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A view of Sky Mountain Coffee on Thursday in downtown Statesville.

Sky Mountain Coffee officially opened in downtown Statesville on Monday.

To learn more about the business, here is our feature on it from January:

It may seem odd that two guys with backgrounds in the medical industry are obsessed with high-quality coffee.

But for Andy Smith and Craig Blaney, good coffee is about offering something different.

The two are partnering to open Sky Mountain Coffee in downtown Statesville. The new cafe plans to offer craft beer, wine and food on its menu as well.

After a few delays, Sky Mountain expects to open soon – although an opening date has not been set.

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Andy Smith cleans an espresso machine on Thursday at Sky Mountain Coffee in downtown Statesville.


“I went from one legal drug to another legal drug,” joked Smith.

Prior to working in the coffee industry, Smith worked as the Director of Managed Markets at the biotechnology company Gilead Sciences. He left that job in 2013 and managed pharmacies in U.S prisons for Maxor until 2016.

Smith was based in Tennessee during that job and says Statesville doesn’t feel that distant, calling the downtown stretch a “kind of miniature Nashville.”

Blaney, a former pharmacist, met Smith in 2013 while at a pub.

He already had one coffee enterprise under his belt before meeting Smith. Blaney founded Summit Coffee in Davidson in 1998, opened up a few more stores and sold off the business in 2006.


Blaney and Smith chose 110 E. Broad St. in downtown Statesville as the spot for Sky Mountain Coffee’s first standalone retail location. Blaney had opened other Sky Mountain Coffee shops in Lowe’s Home Improvement offices in Mooresville and Wilkesboro in 2010.

Smith bought the Broad Street property in February 2018; it was the former site of GG’s Arts, Frames and Gifts. He says that the nearly 129-year-old building has an interesting mystique to it.

“There’s a certain attraction, I believe, in people to go to a historic property,” he said. “It seems romantic, but at the same time sometimes you’re better off starting brand-new construction than trying to take on (an) old building.”

And it has been a slow-going process. Smith originally thought flipping the store into an operational condition would take only 10 weeks. It’s now been 11 months.

There is an end in sight. Sky Mountain Coffee received approval from the N.C Department of Health and Human Services on Dec. 21 and got an alcohol license on Wednesday. Now it has to unexpectedly add some extra electrical hardware to the building.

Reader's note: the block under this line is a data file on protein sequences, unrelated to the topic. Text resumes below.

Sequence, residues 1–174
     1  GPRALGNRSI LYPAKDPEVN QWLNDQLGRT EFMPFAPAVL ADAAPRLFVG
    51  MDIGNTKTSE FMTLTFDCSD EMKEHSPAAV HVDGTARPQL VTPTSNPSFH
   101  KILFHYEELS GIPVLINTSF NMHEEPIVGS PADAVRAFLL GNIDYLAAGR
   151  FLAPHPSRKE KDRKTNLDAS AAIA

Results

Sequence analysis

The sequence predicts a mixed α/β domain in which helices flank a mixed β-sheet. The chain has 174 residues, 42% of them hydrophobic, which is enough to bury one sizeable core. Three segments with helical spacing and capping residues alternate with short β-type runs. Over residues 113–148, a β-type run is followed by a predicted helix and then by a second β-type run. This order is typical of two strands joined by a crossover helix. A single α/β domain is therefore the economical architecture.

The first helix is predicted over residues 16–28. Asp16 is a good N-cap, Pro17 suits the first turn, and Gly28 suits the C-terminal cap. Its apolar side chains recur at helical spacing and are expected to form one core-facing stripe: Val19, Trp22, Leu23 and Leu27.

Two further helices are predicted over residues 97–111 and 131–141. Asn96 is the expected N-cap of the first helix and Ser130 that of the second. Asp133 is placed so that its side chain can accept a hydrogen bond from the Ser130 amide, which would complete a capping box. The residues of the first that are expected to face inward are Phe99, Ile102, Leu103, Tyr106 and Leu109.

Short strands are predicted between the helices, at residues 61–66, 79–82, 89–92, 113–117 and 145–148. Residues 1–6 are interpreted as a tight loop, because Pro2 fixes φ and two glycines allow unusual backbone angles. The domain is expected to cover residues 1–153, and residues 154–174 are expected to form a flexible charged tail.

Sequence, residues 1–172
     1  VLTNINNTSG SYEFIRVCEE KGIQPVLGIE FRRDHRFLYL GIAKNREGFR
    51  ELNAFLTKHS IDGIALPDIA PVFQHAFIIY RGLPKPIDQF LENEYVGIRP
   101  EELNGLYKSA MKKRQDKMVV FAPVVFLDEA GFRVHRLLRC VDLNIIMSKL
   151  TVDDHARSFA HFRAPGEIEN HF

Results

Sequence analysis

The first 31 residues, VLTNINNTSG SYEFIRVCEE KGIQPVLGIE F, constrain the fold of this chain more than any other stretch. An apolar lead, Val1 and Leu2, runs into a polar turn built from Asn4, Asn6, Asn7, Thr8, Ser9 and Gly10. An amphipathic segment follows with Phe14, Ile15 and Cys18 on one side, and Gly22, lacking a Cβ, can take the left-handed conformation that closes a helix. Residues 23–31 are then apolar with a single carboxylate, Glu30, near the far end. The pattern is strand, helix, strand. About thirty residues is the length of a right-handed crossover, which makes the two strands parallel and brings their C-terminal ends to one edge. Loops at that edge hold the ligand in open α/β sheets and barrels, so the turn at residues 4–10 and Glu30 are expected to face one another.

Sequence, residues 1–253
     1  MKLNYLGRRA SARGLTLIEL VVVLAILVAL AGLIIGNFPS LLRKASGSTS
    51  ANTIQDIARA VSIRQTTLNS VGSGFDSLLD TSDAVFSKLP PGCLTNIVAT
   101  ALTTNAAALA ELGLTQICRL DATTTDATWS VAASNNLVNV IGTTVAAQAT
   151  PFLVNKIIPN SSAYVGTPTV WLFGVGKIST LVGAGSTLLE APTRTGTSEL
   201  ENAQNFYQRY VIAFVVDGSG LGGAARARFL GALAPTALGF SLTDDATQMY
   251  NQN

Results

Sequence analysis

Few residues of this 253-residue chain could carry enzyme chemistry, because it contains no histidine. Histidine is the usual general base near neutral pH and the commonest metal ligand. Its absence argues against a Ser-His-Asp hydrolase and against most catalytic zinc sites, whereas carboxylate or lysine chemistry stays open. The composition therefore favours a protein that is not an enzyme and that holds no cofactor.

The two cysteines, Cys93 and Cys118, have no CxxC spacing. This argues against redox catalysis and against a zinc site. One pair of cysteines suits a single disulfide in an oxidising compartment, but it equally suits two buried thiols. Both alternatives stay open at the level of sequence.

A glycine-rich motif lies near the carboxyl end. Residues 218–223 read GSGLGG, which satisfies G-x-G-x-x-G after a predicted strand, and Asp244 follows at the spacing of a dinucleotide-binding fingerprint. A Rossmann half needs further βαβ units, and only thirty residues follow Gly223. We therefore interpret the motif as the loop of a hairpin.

But the delay in opening hasn’t changed the store’s vision.

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Andy Smith and Susan Wihler-Smith pose for a portrait together on Thursday at Sky Mountain Coffee in downtown Statesville.


One thing that Sky Mountain Coffee prides itself on is a coffee experience that larger retailers cannot provide, the owners say.

In addition to the store downtown, there is a roastery located on Commerce Boulevard north of Statesville. This is where the coffee beans will be prepared for public consumption.

“The quality of coffee comes from the bean first and how you roast it,” Smith said. “We’ve got the best beans, we’ve got the best roasters.”

The company uses three Diedrich coffee roasters.

“We’re able to buy select, high-end small batches that allow you to get something unique you can’t get from big chains,” Smith said. “You’re not going to have something sitting on the shelf for months at a time, ready to be shipped out to someone who eventually gets around to grinding it and serving it to a customer. It’s going to be done locally and there’s not too many places doing that.”

Smith also said that they do not plan on charging more than Starbucks for a cup of coffee, but he does appreciate how the coffee giant has changed the public perception of the beverage.

“When I grew up, coffee was something of a lower-end commodity that you bought off a shelf and you drank it for one reason: it’s to pick you up and you certainly didn’t like the taste,” he said. “I’ll have to give Starbucks their due; they really brought coffee into more than just a low-end commodity beverage.”

Smith says that Sky Mountain Coffee will open as soon as its electrical issues have been resolved.


Reporting on crime, public safety, business, entertainment and the arts. Doing photography on occasion.

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